(Adds Fox News comment paragraphs 5-6)
By Tim Baysinger
NEW YORK, April 4 (Reuters) - More companies, including carmaker BMW and insurer Allstate, have pulled their advertising from Fox News’ “The O’Reilly Factor” television program days after the New York Times reported Fox and star host Bill O’Reilly paid five women to settle claims he sexually harassed them.
On Tuesday, BMW of North America, Allstate Corp , French pharmaceuticals maker Sanofi SA, direct marketer Constant Contact, men’s clothing company Untuckit and mutual fund operator T. Rowe Price all told Reuters they were no longer advertising on the show. British drugmaker GlaxoSmithKline Plc said it would temporarily suspend its advertising.
“In light of the disturbing allegations, we instructed our media buyer this morning to reallocate our ad dollars to other shows effective immediately,” Untuckit Chief Executive Aaron Sanandres said in an email. Untuckit is among the biggest advertisers on the show.
Shares of Fox News parent Twenty-First Century Fox Inc fell 1.2 percent to $31.75 on Tuesday.
Ads pulled from O‘Reilly’s show were being moved to other programming on the network, said Paul Rittenberg, the channel’s executive vice president of advertising sales.
“We value our partners and are working with them to address their current concerns about the O’Reilly Factor,” Rittenberg said in an emailed statement.
Ainsworth Pet Nutrition also reportedly suspended its advertising, though Reuters could not confirm the report. Hyundai Motor Corp told the New York Times it was reallocating future advertising on the program.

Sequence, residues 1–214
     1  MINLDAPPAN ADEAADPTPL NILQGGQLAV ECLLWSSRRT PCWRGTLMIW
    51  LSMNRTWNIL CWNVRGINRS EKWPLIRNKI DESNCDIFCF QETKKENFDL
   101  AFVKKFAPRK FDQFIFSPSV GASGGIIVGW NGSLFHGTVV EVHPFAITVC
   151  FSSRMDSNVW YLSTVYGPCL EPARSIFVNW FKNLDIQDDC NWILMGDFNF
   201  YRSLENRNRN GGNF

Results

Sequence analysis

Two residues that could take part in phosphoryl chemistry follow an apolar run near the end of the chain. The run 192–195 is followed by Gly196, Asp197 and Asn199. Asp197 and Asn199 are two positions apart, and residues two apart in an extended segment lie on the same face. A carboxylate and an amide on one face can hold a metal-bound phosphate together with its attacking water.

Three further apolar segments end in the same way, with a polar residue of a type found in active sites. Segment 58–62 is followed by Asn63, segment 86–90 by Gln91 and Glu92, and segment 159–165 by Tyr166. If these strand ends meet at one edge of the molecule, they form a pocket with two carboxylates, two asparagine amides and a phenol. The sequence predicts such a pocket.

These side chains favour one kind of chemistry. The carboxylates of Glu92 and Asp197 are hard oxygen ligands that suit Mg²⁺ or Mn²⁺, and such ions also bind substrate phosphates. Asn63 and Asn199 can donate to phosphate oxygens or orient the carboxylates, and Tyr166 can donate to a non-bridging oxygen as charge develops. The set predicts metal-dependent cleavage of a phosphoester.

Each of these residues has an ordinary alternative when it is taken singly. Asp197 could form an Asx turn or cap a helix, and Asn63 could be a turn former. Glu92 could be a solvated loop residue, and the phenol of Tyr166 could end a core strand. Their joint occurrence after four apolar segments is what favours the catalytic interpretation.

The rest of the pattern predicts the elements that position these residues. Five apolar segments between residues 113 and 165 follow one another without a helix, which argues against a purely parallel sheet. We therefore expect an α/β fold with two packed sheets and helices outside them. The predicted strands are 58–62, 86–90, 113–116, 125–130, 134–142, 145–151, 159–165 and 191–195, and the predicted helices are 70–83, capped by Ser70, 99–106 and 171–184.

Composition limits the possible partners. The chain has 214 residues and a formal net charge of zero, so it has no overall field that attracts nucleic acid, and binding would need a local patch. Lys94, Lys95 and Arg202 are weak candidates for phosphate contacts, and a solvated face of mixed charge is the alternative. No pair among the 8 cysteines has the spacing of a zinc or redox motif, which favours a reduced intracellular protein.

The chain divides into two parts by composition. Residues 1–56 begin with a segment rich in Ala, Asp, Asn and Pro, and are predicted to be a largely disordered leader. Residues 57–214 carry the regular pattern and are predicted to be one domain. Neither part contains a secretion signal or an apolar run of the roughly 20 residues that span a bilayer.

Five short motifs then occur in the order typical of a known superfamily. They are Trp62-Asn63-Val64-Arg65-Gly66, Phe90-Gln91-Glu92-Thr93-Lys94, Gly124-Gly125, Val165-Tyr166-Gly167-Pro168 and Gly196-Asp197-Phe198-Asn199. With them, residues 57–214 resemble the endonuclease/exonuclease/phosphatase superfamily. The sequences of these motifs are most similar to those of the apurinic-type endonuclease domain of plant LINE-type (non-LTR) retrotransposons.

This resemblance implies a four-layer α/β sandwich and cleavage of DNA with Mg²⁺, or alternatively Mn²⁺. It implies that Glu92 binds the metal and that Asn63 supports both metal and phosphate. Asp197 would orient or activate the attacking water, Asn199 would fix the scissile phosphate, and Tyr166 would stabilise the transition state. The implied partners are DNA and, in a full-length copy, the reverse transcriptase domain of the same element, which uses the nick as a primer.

Mercedez-Benz said on Monday it was suspending its advertising on the show.
The New York Times reported over the weekend that Fox and O’Reilly paid $13 million to five women who accused him of sexual harassment. O‘Reilly, in a statement posted on his website on Saturday, said he had been unfairly targeted because of his prominence.
The National Organization for Women on Tuesday called for O’Reilly to be fired and demanded an independent investigation into the “culture of sexual harassment” at Fox News. “The reported use of his powerful position to repeatedly manipulate women reveals a cruel misogyny that runs to the core of his character,” the group said.
According to ad-tracking firm iSpot.tv, Mercedes-Benz bought an estimated $266,477 of commercials on the show over the past 30 days, the tenth most, and spent $1.3 million in 2016. Hyundai purchased $102,902 worth of commercials over the last 30 days, and $913,445 in 2016. The South Korean automaker also spent $644,788 in 2016 for Kia spots.
Untuckit spent $365,556 in the past 30 days and $1.36 million in 2016. Sanofi spent more than $1 million in 2016, while GSK spent $565,962 to advertise last year.
“The O’Reilly Factor” is Fox News’ most watched program and is coming off the highest-rated first quarter in its history, averaging 4 million viewers, according to Nielsen.
Reporting by Tim Baysinger. Additional reporting by Caroline Humer in New York.; Editing by Steve Orlofsky and Andrew Hay